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Gas Pipeline Rupture Injures 46, Forces 300 to Evacuate in Mississippi

Energy
Gas Pipeline Rupture Injures 46, Forces 300 to Evacuate in Mississippi
A pipeline that ruptured in Mississippi Saturday, forcing hundreds to evacuate. Yazoo County Emergency Management Agency

More than 300 people were forced to evacuate and 46 were sent to the hospital after a gas pipeline ruptured in Mississippi Saturday.


The pipeline was used by the company Denbury Enterprises to transport carbon dioxide and hydrogen sulfide for oilfield operations, according to The Yazoo Herald. It ruptured around 8 p.m. near the town of Satartia in Yazoo County, according to the Mississippi Emergency Management Agency (MEMA).

"Residents in the area complained of green gas and a noxious odor," MEMA said.

People near the leak experienced headaches and dizziness, and some lost consciousness, the Vicksburg Daily News reported. The leak overwhelmed Yazoo County emergency rooms and at least five of those injured had to be transferred to Warren County. Among the injured were three people discovered non-responsive in a vehicle near the leak site by emergency workers just before 10 p.m.

Those taken to the hospital were expected to recover, and evacuees were allowed to return to their homes after 9:30 a.m. Sunday, The Weather Channel Reported.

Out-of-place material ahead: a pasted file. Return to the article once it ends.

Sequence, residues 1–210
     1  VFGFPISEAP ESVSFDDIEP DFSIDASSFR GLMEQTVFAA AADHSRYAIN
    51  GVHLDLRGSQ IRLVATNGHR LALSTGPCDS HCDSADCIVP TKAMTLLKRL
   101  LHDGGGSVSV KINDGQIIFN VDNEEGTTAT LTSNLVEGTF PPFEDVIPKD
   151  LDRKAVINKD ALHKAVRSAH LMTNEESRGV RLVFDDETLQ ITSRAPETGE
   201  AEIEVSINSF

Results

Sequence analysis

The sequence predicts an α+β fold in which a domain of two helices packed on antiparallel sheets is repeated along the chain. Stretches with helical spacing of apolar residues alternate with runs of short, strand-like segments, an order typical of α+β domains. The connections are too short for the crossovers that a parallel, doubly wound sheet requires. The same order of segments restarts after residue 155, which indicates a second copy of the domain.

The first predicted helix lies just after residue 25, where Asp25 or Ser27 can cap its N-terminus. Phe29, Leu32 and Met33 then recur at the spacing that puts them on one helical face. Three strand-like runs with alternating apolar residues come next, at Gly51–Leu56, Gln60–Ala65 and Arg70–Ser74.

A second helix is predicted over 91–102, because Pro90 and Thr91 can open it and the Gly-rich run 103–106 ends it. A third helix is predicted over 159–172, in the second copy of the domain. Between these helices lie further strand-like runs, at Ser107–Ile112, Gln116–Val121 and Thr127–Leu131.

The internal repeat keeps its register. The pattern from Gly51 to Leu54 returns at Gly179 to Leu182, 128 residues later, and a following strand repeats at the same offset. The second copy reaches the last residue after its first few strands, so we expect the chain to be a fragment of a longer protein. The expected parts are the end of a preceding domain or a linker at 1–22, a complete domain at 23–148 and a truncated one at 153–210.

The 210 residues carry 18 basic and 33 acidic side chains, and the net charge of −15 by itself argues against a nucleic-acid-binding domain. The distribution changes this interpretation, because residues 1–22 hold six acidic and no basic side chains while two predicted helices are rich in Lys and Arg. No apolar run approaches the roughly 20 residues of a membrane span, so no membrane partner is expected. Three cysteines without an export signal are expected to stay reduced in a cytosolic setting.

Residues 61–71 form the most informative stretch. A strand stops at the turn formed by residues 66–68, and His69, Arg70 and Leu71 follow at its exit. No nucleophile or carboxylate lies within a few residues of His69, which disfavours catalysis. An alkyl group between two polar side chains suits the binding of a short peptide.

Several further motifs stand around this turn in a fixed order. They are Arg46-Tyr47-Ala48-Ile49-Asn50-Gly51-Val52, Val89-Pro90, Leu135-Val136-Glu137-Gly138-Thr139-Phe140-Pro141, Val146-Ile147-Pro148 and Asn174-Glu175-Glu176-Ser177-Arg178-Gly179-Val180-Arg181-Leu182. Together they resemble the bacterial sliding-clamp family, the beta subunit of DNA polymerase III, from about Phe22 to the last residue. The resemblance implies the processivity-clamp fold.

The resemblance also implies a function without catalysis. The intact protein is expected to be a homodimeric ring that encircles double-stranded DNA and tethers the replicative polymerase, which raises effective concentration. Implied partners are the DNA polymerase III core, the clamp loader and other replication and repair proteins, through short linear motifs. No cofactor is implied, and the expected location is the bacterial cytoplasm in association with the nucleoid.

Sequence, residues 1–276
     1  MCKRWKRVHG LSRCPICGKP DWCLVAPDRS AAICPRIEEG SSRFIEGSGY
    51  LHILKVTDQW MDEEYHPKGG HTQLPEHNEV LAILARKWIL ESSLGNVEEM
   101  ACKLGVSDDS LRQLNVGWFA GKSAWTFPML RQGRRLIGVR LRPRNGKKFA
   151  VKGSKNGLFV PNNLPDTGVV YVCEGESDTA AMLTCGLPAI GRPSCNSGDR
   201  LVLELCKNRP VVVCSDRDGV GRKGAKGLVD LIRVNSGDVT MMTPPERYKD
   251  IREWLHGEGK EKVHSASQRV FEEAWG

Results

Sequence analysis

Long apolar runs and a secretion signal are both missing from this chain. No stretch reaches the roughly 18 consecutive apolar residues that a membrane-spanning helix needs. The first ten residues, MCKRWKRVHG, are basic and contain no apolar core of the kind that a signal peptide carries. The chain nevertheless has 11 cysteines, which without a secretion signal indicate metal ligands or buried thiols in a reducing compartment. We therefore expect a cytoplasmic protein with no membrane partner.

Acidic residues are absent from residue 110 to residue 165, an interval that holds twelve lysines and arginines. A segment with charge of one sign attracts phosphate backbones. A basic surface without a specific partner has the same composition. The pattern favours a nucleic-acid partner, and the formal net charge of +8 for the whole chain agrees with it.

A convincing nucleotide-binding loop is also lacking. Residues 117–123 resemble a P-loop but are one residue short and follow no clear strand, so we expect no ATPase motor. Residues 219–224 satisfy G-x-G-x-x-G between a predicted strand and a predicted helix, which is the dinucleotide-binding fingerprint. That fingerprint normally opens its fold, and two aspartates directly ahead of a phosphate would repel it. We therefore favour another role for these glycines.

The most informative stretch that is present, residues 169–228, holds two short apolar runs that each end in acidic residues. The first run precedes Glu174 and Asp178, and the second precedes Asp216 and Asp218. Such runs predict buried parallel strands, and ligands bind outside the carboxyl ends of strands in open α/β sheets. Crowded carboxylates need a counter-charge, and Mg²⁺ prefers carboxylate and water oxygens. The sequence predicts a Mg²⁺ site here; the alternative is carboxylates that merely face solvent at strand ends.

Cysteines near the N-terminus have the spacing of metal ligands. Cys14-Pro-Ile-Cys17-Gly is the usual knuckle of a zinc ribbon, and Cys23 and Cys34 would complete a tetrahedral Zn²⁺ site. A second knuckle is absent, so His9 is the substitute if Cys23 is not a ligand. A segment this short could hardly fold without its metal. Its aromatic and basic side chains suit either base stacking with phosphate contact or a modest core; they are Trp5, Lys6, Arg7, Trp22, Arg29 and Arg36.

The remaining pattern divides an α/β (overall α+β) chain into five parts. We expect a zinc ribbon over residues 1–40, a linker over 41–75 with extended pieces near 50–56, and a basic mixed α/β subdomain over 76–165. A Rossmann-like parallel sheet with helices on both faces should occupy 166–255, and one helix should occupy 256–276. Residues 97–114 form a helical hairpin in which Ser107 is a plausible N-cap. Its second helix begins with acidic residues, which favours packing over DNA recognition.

Denbury shut off the gas as soon as it learned of the rupture, according to The Weather Channel.

"[T]he affected area of the pipeline was isolated within minutes, and the leak site was evacuated as a precaution," the company said in a statement reported by TIME.

An initial investigation suggests the rupture was a result of recent heavy rainfall in Mississippi.

"It appears the ground caved into a ravine damaging the 24-inch pipe," MEMA said.

Parts of the state near the rupture have seen 23 inches of rain since Jan. 1, the Weather Channel reported. Jackson, the state's capital, has had its wettest start to the year on record as of Feb. 22. Its Pearl River crested at 37 feet Feb. 17, its third highest water level in recorded history, The New York Times reported. More than 2,400 structures are likely to have been damaged by the flooding, authorities estimate.

This February's rains have been "400 percent of normal," Tennessee Valley Authority spokesman Jim Hopson told The Associated Press, "and we have more coming in this week. It's kind of a never-ending battle." Extreme rainfall events are on the rise in the Southeast, according to the Fourth National Climate Assessment. And heavy precipitation is expected to increase in the region due to the climate crisis.

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